We'll discuss training techniques and deep learning architectures for high-precision landmark localization. In the first part of the session, we'll talk about ReCombinator Networks, which aims at maintaining pixel-level image information, for high-accuracy landmark localization. This model combines coarse-to-fine features to first observe global (coarse) image information and then recombines local (fine) information. By using this model, we report SOTA on three facial landmark datasets. This model can be used for other tasks that require pixel-level accuracy (for example, image segmentation, image-to-image translation). In the second part, we'll talk about improving landmark localization in a semi-supervised setting, where less labeled data is provided. Specifically, we consider a scenario where few labeled landmarks are given during training, but lots of weaker labels (for example, face emotions, hand gesture) that are easier to obtain are provided. We'll describe training techniques and model architectures that can leverage weaker labels to improve landmark localization.
Robust object tracking requires knowledge and understanding of the object being tracked: its appearance, motion, and change over time. A tracker must be able to modify its underlying model and adapt to new observations. We present Re3, a real-time deep object tracker capable of incorporating temporal information into its model. Rather than focusing on a limited set of objects or training a model at test-time to track a specific instance, we pretrain our generic tracker on a large variety of objects and efficiently update on the fly; Re3 simultaneously tracks and updates the appearance model with a single forward pass. This lightweight model is capable of tracking objects at 150 FPS, while attaining competitive results on challenging benchmarks. We also show that our method handles temporary occlusion better than other comparable trackers using experiments that directly measure performance on sequences with occlusion.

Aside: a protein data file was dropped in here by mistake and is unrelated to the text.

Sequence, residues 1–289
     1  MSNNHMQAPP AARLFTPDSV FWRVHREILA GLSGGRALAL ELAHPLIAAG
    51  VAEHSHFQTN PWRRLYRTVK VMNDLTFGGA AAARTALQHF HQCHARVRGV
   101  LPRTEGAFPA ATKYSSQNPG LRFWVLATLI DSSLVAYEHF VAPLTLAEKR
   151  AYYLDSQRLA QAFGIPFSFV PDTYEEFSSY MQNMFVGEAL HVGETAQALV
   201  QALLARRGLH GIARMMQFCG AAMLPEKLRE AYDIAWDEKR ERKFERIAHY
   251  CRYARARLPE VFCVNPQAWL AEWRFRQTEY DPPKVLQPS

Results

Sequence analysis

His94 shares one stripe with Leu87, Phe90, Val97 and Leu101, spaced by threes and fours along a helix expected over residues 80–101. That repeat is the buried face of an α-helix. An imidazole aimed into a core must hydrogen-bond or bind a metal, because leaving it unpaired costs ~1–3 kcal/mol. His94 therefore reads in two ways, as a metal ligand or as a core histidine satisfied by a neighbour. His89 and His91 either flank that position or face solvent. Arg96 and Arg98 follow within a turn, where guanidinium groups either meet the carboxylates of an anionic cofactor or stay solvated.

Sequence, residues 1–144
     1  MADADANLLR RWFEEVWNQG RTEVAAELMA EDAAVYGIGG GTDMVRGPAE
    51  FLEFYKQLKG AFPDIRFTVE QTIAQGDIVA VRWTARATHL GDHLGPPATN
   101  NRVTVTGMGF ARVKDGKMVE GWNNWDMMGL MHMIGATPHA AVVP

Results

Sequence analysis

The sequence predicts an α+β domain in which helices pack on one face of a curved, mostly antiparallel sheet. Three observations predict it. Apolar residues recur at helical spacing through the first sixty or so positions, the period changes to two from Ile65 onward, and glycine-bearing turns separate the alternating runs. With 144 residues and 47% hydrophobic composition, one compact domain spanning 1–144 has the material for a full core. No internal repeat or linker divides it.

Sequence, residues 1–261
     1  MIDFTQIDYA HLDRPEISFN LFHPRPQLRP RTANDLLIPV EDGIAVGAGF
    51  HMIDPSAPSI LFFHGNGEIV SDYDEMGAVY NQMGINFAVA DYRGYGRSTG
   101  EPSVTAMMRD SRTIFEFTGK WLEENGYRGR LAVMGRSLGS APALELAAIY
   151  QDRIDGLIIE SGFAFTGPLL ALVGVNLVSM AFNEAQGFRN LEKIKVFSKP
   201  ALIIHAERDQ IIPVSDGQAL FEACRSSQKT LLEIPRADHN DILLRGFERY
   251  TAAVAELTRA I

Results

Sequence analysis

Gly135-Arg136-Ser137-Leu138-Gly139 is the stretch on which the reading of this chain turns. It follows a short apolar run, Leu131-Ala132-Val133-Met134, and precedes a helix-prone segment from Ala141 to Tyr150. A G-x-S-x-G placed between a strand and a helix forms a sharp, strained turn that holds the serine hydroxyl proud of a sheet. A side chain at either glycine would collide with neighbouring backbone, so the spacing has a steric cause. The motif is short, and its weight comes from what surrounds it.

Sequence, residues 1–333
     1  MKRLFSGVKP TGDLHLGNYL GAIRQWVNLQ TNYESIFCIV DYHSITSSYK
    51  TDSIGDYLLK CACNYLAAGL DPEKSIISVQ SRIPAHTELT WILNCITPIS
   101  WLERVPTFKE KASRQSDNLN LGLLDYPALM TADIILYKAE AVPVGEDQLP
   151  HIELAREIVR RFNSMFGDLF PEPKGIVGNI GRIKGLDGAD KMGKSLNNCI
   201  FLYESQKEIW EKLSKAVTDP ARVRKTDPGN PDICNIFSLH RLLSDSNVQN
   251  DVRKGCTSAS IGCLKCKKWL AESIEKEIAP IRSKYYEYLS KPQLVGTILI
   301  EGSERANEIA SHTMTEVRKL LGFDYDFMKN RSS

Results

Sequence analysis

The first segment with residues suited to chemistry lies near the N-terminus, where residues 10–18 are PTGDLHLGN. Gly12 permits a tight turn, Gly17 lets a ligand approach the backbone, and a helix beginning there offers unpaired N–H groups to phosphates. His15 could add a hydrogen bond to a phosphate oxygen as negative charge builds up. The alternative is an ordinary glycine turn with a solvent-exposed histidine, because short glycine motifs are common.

We''ll explore how deep learning approaches can be used for perceiving and interpreting the driver''s state and behavior during manual, semi-autonomous, and fully-autonomous driving. We''ll cover how convolutional, recurrent, and generative neural networks can be used for applications of glance classification, face recognition, cognitive load estimation, emotion recognition, drowsiness detection, body pose estimation, natural language processing, and activity recognition in a mixture of audio and video data.
In this talk, we will survey how Deep Learning methods can be applied to personalization and recommendations. We will cover why standard Deep Learning approaches don''t perform better than typical collaborative filtering techniques. Then we will survey we will go over recently published research at the intersection of Deep Learning and recommender systems, looking at how they integrate new types of data, explore new models, or change the recommendation problem statement. We will also highlight some of the ways that neural networks are used at Netflix and how we can use GPUs to train recommender systems. Finally, we will highlight promising new directions in this space.